Senior Scottish Labour politicians have joined calls on the UK party’s national executive to adopt internationally-recognised guidelines on antisemitism in a bid to end a damaging row over Labour’s response to accusations of anti-Jewish hatred.
Jackie Baillie and Daniel Johnson, two MSPs in Scottish leader Richard Leonard’s frontbench team, have signed a petition calling on the Labour national executive committee (NEC) to adopt the International Holocaust Remembrance Alliance (IHRA) definition of antisemitism as part of its internal policies “in full and without delay”.
The NEC will decide what further action Labour will take in a crunch meeting on Tuesday, amid mounting recrimination that has seen Jeremy Corbyn accused of being an antisemite by one of his own MPs and the former chief rabbi of the UK.
Labour’s refusal to adopt the full IHRA definition as part of its equalities policy sparked the row, which has been fuelled by revelations about Mr Corbyn’s past comments about Zionism.
Nearly 900 Labour activists and supporters have signed the Solidarity Against Antisemitism petition, including Martin McCluskey, the party’s candidate for one of its top target seats, Inverclyde.
A Labour source said: “This is a clear indication of the strength of feeling in the party, both in Scotland and across the UK. Many more people would like to speak out, but fear coming under attack from Corbyn supporters.
“Other members have simply walked away from the party in disgust. This has been an utterly shameful episode in our history, which must be put to bed by the NEC.”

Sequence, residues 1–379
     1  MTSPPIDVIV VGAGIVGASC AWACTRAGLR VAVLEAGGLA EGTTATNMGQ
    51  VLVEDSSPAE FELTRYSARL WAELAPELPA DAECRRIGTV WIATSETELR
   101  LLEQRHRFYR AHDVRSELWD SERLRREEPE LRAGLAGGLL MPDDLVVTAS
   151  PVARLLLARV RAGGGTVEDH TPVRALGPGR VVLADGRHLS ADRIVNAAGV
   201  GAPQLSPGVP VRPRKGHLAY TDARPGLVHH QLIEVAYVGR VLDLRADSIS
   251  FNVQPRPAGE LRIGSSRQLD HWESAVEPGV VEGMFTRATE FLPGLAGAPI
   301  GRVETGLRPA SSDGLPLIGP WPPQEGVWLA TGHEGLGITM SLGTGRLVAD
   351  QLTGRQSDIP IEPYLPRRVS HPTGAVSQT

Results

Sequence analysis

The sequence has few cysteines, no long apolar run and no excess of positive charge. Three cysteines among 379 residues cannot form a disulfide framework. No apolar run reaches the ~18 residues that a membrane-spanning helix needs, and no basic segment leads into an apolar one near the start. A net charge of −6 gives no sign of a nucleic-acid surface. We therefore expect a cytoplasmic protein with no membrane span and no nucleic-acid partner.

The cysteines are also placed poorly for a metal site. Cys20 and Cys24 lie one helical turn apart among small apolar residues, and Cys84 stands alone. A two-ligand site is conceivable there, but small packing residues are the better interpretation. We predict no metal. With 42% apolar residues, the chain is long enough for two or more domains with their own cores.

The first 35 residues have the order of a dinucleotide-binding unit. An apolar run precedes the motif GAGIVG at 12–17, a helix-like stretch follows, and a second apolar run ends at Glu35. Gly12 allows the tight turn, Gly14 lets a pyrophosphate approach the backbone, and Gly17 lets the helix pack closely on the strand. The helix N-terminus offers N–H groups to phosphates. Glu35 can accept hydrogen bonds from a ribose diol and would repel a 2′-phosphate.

Mr Leonard, who will take part in the NEC meeting, also came under pressure from the Tories, who said it was his last chance to take a stand in support of the Jewish community.
“There’s been a real lack of leadership on this matter on both sides of the border, but now that can be addressed,” said Scottish Conservative deputy leader Jackson Carlaw.
“If Richard Leonard does not back this definition of antisemitism, he will do irreparable damage to the relationship between his party and Jewish people in Scotland.”
Former Prime Minister Gordon Brown has also insisted the IHRA definition must be adopted.
At the weekend, Dame Margaret Hodge said she had been vindicated after calling Jeremy Corbyn an “anti-Semitic racist”.
The former Labour minister was catapulted to the centre of the party’s antisemitism row when she confronted her leader in parliament over the party’s failure to adopt the internationally-agreed definition in July.
“I called him an anti-Semitic racist in July and everything that’s come out since then has confirmed my belief that I’m right,” she said.